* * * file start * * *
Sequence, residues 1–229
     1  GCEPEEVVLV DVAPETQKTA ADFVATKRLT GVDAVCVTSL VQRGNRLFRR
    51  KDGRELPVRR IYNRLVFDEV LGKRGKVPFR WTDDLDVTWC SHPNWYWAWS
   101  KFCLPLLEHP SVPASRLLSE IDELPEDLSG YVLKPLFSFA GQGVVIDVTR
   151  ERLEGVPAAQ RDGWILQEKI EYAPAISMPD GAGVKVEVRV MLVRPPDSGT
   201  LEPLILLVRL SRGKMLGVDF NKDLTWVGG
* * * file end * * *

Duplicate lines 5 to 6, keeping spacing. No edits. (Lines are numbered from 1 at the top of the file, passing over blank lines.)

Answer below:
   151  ERLEGVPAAQ RDGWILQEKI EYAPAISMPD GAGVKVEVRV MLVRPPDSGT
   201  LEPLILLVRL SRGKMLGVDF NKDLTWVGG